Increased efforts are required throughout Canada to minimize the risk of nutrient, pesticide and coliform movement to surface water bodies and leaching beyond the rooting depth of vegetation. This is particularly so in higher rainfall areas of the country. This risk can be further reduced through practices such as regular soil testing and adoption of precision agriculture (better matching agricultural inputs application to localized field conditions), that increase the efficiency of nutrient use. Practices that mitigate surface runoff, such as establishing riparian buffer strips, winter cover crops, maintenance of surface residue, etc. will also contribute to reduced risk to water quality.
When considering various agricultural atmospheric emissions together (Figure E-5), agriculture's environmental performance in air quality is good, having shown gradual improvement over the 25-year period to 2006. The gradual improvement is mirrored by the individual performance indices for greenhouse gas (GHG), which fluctuated but generally improved its good status over this time, as well as for particulate matter, which improved its status from 1981 to 2006. The ammonia emissions indicator could be calculated only for the last two reporting years but showed a slightly deteriorating performance from 2001 to 2006 (Figure E-6).
Improvements in land management practices such as increased adoption of conservation and no-till practices, reduced use of summerfallow, (particularly tillage summerfallow) and increased forage and permanent cover crops were primarily responsible for the improved agri-environmental performance for air quality. Adoption of these management practices, particularly in the Prairies, led to soils becoming a net sink for atmospheric carbon, which means more carbon is being sequestered in soil than is being emitted. The same practices have led to improvements in particulate matter (PM) emissions over the period of study. Increased numbers of livestock across the country between 2001 and 2006 is the primary reason for the small decrease in the ammonia emissions performance index.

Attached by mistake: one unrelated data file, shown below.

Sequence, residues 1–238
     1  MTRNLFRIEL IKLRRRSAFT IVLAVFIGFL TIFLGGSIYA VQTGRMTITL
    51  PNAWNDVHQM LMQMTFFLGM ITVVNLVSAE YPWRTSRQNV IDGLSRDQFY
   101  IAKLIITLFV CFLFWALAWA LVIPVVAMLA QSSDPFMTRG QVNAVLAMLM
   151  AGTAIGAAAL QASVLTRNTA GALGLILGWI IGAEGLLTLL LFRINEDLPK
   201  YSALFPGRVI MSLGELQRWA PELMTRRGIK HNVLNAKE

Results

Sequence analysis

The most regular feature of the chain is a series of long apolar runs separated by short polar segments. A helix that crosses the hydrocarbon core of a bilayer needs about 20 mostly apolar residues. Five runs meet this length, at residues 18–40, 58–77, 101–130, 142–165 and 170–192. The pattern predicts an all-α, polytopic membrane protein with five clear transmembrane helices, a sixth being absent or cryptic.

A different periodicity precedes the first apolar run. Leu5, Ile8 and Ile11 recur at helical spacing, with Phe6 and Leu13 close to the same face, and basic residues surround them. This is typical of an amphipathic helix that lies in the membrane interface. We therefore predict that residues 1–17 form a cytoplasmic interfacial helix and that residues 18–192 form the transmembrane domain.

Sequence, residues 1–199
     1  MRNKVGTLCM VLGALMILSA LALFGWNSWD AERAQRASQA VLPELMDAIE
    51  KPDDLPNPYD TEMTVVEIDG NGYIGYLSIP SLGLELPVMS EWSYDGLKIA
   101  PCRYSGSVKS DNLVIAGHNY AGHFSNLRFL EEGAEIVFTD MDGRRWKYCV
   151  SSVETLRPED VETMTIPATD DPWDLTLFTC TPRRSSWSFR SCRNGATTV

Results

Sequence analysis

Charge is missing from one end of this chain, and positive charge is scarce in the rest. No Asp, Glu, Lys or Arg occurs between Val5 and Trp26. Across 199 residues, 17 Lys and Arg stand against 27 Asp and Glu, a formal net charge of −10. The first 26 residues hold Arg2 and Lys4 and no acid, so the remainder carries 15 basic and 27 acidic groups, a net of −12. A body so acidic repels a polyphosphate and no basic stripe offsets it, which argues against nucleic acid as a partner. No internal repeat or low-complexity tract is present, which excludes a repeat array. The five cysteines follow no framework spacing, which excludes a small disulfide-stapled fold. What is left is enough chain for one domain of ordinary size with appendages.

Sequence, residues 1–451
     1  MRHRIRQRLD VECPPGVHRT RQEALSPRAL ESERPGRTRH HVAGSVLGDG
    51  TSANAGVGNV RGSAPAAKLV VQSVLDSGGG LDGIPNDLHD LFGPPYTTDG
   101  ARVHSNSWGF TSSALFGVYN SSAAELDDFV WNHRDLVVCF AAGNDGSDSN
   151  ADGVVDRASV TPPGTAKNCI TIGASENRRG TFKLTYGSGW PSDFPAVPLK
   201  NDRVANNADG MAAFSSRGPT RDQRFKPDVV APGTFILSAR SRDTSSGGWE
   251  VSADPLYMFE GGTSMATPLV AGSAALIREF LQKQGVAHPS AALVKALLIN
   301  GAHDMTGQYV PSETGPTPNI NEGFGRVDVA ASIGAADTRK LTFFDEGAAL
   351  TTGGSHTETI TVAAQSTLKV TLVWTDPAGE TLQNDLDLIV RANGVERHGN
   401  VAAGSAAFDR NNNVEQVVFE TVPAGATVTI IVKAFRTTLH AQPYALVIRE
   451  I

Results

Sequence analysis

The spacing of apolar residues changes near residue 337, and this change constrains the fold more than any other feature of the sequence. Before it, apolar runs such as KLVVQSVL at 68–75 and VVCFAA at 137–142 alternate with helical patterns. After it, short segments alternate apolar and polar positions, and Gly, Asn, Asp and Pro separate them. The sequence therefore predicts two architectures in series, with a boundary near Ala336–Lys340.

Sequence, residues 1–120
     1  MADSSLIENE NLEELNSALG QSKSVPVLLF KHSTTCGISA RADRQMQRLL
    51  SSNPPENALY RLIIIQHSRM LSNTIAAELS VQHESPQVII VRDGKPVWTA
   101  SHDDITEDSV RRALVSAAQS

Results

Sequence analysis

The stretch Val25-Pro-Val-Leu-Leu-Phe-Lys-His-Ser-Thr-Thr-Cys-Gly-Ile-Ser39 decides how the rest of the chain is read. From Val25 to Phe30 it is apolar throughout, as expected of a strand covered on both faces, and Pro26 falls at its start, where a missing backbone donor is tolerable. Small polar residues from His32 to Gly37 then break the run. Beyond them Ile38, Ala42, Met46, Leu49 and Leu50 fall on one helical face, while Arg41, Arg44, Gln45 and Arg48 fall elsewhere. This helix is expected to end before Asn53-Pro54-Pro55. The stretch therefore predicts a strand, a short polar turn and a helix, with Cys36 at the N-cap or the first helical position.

Land management practices that favour sequestration of organic carbon in the soil, such as reduced tillage and residue management practices to maintain soil cover, need to be continued and expanded in order to maintain and increase the amount of carbon dioxide removed from the atmosphere and stored in the soil. Similar practices that reduce the number of field operations and protect the soil surface from wind erosion are effective in minimizing PM emissions. Improved animal feeding strategies and more efficient use of N in agriculture are examples of beneficial management practices that can be used to mitigate emissions of methane, ammonia and nitrous oxide.